Articles on Paris Agreement

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Lucas Jackson/Reuters

Coronavirus is a ‘sliding doors’ moment. What we do now could change Earth’s trajectory

New research reveals which sectors of the global economy fuelled the emissions decline during COVID-19. We have a narrow window of time to make the change permanent.
Iron ore piles at Dampier, Western Australia. Australia could convert iron oxide to metal for export, producing it with no emissions. CHRISTIAN SPROGOE/ Rio Tinto

Australia could fall apart under climate change. But there’s a way to avoid it

Eminent economist Ross Garnaut says if climate action fails, he fears the consequences 'would be beyond contemporary Australia'. But zero-emissions iron and aluminium could be the way forward.
Indonesian residents wade through flood water near the Ciliwung river in Jakarta in February 2018. Our emissions in the near future will lock in sea level rise over centuries.

Our shameful legacy: just 15 years’ worth of emissions will raise sea level in 2300

New research confirms that what the world pumps into the atmosphere today has grave long-term consequences. Governments - especially Australia's - must urgently ramp up efforts to reduce emissions.
Renewable energy being installed at a community in the Northern Territory. Researchers have predicted Australia’s emissions are set to fall, but warn the renewables deployment rate must continue. Lucy Hughes-Jones/AAP

Some good news for a change: Australia’s greenhouse gas emissions are set to fall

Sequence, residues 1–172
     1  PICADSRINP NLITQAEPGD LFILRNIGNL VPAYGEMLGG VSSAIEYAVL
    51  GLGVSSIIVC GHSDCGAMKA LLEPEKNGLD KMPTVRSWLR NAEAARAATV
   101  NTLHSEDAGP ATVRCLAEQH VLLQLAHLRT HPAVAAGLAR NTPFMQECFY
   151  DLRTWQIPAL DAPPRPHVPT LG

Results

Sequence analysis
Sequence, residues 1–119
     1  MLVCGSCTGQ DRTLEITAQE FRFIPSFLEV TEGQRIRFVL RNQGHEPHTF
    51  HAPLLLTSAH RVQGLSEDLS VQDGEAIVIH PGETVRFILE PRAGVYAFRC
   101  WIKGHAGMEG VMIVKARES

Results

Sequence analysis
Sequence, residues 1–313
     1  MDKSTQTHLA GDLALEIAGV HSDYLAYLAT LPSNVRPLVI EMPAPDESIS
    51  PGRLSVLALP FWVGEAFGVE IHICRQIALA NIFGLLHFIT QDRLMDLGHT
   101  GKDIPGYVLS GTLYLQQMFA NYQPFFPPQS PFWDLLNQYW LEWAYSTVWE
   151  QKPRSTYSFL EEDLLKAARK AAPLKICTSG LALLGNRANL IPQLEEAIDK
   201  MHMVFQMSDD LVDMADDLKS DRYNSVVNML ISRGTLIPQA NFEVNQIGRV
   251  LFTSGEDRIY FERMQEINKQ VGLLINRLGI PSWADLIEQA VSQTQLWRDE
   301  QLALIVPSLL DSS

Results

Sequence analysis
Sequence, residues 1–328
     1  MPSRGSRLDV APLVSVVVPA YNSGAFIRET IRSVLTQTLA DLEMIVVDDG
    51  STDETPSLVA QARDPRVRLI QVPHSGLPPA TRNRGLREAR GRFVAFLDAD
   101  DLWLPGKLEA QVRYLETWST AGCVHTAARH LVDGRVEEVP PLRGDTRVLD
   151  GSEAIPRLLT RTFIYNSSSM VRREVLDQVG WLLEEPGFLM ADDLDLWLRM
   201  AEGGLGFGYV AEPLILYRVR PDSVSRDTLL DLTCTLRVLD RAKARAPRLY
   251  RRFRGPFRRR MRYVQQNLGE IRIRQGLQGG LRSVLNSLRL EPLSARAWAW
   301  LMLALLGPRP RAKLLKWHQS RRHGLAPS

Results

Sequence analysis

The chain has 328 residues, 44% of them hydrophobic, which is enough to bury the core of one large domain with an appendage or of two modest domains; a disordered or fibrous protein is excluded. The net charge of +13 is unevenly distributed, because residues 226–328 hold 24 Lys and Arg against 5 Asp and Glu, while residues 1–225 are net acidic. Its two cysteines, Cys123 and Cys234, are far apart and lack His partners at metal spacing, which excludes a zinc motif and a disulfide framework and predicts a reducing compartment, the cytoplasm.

Australia's renewables revolution proves that there's cause for hope in our emissions reduction goals. But we cannot rest on our laurels.
Ice floe adrift in Vincennes Bay in the Australian Antarctic Territory. There are fears efforts to combat global warming will be undermined by double counting of carbon credits. AAP/Torsten Blackwood

Double counting of emissions cuts may undermine Paris climate deal

Nations are struggling to agree on how international carbon trading should work under the Paris accord. A weak result would undermine global efforts to fight climate change.
Even people who accept the science of climate change sometimes resist it because it clashes with their personal projects. from www.shutterstock.com

Climate explained: why some people still think climate change isn’t real

People are more likely to deny climate change if they're inclined toward hierarchy, have lower levels of education or are more religious. But the strongest predictor of denial is a person's politics.

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